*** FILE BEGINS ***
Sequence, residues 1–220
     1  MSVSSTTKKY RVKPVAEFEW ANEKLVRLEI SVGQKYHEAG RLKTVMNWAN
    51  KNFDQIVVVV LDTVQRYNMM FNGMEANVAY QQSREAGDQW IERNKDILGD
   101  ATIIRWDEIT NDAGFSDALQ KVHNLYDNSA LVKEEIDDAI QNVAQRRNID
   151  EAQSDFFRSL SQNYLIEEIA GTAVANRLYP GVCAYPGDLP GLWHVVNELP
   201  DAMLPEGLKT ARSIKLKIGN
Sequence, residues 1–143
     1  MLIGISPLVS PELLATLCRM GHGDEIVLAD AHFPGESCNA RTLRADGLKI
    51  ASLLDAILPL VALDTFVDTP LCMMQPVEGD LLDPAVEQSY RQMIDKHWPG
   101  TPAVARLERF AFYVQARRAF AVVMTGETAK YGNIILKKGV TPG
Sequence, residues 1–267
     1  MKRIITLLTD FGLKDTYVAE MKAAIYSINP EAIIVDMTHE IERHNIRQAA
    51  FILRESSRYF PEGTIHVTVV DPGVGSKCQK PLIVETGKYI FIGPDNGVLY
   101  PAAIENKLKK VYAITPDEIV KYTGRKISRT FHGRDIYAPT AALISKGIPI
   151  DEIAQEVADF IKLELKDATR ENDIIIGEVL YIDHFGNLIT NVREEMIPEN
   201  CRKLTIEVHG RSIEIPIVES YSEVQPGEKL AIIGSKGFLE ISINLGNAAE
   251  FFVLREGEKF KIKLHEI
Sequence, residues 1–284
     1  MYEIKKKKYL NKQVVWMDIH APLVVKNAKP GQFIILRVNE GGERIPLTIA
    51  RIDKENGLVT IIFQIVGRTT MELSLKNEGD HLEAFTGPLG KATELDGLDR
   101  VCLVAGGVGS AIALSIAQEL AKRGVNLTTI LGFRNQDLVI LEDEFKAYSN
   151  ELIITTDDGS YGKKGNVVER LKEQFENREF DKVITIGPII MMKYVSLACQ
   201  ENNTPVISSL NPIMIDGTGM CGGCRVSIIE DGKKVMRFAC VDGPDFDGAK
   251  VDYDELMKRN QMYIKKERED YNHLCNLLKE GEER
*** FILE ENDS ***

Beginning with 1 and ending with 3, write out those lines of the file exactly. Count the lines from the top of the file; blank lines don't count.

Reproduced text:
Sequence, residues 1–220
     1  MSVSSTTKKY RVKPVAEFEW ANEKLVRLEI SVGQKYHEAG RLKTVMNWAN
    51  KNFDQIVVVV LDTVQRYNMM FNGMEANVAY QQSREAGDQW IERNKDILGD